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Focus on Pheasants

FOP Home| Why Pheasants are Important | The Land - Harvest Time and Pheasants| It's All about Habitat | Realizing the Full Potential of CRP | Heritage of Hunting |

One Farmer's Burning Suggestions

Most farmers are already familiar with fire as a land management tool, and that experience could come in handy in improving a stand of CRP, said Ben Schole, who farms north of Hooper. "We've all set fire to a gully or something like that before. The big difference with CRP is the amount of fuel present and the amount of heat it produces," he said.

Ben Schole of Hooper tests the drip torch he uses for prescribed burning.

Timing the burn is important, according to Schole. "You don't want to burn CRP too early in the spring. You want to set those cool-season grasses back, and the more aggressively they are growing at the time of the burn the more you are going to accomplish that. And you don't want to burn the whole thing at once. Burn one-third or so each year," he said.

Schole stressed the importance of getting a burn permit from the local fire district. The recommended conditions for burning are printed right on the permit, such as the maximum wind speed and the maximum air temperature.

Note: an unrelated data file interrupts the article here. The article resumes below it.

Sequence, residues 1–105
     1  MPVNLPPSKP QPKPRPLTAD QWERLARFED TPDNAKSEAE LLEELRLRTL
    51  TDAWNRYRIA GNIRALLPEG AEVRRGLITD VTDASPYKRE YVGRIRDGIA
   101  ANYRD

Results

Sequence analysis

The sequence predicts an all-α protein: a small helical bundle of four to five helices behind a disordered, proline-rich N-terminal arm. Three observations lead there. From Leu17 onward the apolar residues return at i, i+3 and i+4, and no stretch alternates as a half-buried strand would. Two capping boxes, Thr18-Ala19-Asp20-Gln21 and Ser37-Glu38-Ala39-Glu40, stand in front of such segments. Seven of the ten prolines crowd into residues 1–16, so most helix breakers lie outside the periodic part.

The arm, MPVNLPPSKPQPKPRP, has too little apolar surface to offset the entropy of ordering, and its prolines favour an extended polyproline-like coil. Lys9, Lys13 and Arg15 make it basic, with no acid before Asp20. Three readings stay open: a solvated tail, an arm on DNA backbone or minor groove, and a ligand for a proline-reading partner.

"It says right on there on my permit that burning is a privilege, not a right. If people abuse that privilege, they can take it away completely. It's real important that farmers cooperate with their fire districts," he said. He also stressed that the CRP management plan for those acres should include "occasional burning." If it's not there, amend your plan, Schole advised.

Schole offered a check list, of sorts, for landowners preparing for a prescribed burn on a stand of CRP. They include:

  • Disk around the entire burn area and water it down, even upwind of the head fire. Pay special attention to the areas between the burn area and the parts you don't want to burn.
  • Water down anything you don't want burned, especially utility poles.
  • Make a wide backburn area by burning into the wind gradually inside the disked perimeter. Fire burns faster going uphill. Don't count on an uphill backfire to be a slow fire. Plan 90 per cent of your time for these first three points. The head fire goes fast - 10 or 20 minutes.
  • Get at least five helpers, and burn before neighbors get busy with planting. Most CRP is hilly, and it takes extra people to keep track of what's happening on the other side of the hill.
  • Keep the tractor and disk available. If the fire jumps the fire line you can disk over it and not have a problem with the heat.
  • Burn in the morning or early afternoon when wind speed and temperatures are usually lower. Watch weather reports to see if wind shift is a possibility.
  • Have dust masks and goggles available in case you have a problem with the smoke. The intensity of the heat is the biggest surprise.
  • Keep a cell phone handy.
  • Have one or two 4-wheelers with sprayers aboard and a tractor with a sprayer and a couple hundred gallons of water.

Following the specifications for wind and temperature on the burn permit is vital, according to Schole. On a hot day, the fire's updrafts can lift burning embers high in the air and wind can carry them 200 yards or more to start unwanted fires, he said.

Watch a video on a prescribed burn below:

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